This Startup Is Providing 24-Hour Power Using Solar And Wind Technology


In sub-Saharan Africa, over 600 million people do not have access to electricity — that’s 68% of the population, according to the International Energy Agency

And as Nigerians, I know you’ll agree with me that one of our top three problems is electricity. This long-standing bad situation has seen many of us increasingly turn to alternative means of power supply. And as awareness of alternatives spreads, there is the need to expand the usability to a wider audiences. Many existing solar initiatives only target rural communities.

(Photo: AFSEnergies)

African Sustainable Energies (AFSEnergies) is a company established to provide and distribute sustainable renewable energy to Nigerians, in both rural and urban areas. The company aims to do this by generating power from solar, wind, hydro, bio-fuel, and gas technology models. Currently though, they’re focused on power generation from solar and wind technologies.

Founded by Odim Francis, the company aims provide 24-hour electricity to homes and offices across Africa. According to Francis:

“We have recently developed a new, innovative and efficient Urban Dwellers (UD) and Rural Dwellers (RD) Solar System and Inverter System box for our clients. With the ever increasing demand for constant and stable power supply in Nigeria, the UD Series and RD Series eliminates the frustration from the shortages of power supply experienced from the National grid.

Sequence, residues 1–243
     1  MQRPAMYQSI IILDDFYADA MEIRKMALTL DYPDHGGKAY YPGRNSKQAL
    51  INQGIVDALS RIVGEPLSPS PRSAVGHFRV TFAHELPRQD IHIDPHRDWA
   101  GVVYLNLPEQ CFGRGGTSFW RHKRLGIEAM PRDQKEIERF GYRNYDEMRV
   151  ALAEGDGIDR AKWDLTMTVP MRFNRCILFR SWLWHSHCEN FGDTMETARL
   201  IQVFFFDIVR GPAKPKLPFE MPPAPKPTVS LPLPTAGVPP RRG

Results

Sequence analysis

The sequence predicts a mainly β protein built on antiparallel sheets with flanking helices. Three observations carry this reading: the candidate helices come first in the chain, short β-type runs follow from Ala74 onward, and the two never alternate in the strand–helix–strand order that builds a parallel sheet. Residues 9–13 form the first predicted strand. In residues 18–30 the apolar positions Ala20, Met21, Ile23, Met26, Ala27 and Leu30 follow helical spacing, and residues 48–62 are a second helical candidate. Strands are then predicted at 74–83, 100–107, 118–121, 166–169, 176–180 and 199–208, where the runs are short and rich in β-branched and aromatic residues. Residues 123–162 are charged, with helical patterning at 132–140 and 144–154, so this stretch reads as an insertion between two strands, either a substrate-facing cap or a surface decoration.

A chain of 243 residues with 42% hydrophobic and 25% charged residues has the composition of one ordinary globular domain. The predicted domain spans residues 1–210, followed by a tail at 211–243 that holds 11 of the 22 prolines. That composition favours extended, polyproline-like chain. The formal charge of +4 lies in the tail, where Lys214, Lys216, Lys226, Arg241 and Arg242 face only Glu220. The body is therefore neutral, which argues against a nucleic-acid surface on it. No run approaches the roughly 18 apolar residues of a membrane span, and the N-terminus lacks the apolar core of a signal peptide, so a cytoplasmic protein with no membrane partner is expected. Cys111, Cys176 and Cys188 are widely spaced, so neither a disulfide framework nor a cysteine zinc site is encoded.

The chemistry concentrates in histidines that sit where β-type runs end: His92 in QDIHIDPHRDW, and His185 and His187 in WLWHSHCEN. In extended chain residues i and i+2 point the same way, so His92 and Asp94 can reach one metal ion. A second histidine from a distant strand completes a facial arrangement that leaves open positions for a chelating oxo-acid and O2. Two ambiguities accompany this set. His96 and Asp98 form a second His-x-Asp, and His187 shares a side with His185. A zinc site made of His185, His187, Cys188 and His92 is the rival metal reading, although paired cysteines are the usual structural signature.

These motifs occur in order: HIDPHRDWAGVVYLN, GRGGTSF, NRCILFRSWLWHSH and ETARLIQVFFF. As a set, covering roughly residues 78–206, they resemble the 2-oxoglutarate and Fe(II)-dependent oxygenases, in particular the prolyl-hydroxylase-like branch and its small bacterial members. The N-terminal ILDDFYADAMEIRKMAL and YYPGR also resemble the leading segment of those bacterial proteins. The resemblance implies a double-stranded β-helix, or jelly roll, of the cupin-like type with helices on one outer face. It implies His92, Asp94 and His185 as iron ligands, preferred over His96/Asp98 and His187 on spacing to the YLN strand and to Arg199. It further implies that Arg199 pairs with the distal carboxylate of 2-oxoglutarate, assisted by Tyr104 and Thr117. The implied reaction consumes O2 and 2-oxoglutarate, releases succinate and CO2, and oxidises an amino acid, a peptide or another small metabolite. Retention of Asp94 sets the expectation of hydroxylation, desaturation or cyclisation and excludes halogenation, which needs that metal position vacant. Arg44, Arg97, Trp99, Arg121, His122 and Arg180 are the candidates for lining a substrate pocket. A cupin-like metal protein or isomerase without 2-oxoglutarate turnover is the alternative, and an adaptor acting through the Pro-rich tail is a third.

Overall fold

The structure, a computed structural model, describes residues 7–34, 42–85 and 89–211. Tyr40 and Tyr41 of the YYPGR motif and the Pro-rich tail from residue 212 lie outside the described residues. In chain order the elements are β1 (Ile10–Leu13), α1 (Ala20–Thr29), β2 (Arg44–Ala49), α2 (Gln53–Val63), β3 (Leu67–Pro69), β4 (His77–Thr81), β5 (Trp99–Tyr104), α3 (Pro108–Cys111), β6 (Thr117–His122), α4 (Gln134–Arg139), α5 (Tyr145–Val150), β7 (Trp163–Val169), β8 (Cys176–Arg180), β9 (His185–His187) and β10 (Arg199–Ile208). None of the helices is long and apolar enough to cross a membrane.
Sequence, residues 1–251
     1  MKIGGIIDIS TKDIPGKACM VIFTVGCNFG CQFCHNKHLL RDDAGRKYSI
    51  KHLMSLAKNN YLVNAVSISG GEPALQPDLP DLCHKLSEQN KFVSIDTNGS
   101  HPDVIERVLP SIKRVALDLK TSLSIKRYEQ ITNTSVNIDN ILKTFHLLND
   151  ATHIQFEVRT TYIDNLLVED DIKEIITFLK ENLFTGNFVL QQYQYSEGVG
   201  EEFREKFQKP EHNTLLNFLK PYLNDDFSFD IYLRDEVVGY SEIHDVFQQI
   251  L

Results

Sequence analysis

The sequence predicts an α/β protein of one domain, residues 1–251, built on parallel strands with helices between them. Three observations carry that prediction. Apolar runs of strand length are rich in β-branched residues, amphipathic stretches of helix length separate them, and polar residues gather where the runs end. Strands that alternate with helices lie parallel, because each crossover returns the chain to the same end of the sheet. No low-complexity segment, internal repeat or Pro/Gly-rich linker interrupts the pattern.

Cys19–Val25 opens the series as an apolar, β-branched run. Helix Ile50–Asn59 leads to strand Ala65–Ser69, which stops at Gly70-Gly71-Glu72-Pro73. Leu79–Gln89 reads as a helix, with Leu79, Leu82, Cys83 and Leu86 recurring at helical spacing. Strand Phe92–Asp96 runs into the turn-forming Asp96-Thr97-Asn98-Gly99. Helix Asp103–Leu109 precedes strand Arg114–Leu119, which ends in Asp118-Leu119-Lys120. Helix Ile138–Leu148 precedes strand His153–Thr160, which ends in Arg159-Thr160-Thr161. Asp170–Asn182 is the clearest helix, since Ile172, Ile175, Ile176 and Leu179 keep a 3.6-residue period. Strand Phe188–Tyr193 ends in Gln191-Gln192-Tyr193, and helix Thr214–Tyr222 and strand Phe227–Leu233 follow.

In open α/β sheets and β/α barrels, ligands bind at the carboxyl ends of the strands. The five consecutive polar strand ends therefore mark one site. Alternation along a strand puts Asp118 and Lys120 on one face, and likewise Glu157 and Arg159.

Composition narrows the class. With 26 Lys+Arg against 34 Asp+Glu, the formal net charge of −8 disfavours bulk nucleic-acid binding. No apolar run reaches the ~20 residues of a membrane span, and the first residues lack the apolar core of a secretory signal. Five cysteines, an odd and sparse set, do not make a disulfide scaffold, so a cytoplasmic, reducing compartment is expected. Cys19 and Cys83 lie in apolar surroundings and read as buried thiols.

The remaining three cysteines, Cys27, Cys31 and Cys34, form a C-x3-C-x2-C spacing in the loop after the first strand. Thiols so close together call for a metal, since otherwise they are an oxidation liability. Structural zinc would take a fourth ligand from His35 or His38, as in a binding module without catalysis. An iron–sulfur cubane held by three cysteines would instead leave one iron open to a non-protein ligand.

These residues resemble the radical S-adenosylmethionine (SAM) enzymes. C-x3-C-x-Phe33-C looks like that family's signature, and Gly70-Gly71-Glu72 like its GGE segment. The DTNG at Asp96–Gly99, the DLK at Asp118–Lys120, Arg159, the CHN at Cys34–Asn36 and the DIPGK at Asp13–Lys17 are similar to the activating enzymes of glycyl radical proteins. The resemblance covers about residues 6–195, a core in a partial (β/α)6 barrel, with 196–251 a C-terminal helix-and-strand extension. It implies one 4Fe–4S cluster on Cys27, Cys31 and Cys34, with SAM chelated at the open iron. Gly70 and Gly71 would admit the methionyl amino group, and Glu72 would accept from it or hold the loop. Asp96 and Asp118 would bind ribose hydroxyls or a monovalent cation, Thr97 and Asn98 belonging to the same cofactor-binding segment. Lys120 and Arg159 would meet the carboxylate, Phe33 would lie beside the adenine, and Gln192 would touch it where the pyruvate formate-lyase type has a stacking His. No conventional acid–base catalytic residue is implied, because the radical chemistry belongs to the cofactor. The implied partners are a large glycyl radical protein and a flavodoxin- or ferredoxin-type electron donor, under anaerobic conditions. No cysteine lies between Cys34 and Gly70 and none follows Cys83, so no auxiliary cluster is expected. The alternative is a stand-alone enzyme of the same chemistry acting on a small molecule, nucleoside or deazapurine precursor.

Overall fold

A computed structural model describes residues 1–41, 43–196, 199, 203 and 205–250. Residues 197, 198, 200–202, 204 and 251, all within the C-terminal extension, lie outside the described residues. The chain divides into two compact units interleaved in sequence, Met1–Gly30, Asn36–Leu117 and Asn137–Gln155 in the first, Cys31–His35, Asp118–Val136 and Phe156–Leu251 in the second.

The UD series focuses on providing 24 hours power supply for your house at a very cost effective price, while the RD series focuses on the rural areas.”

The AFSEnergies devices come with one year warranty. They’ve been in operation since October 2016, and they have been able to complete several solar projects since then including a solar powered bore-hole and solar roofs for buildings.

However, AFSEnergies is not the only company working on clean, renewable energy sources. The company will have to compete with Lumos MTN, Yingli solar, Intellectric and Videst solar. The market is big enough for as many players as want to address this problem. All the existing companies have addressed less than 1 percent of this market combined.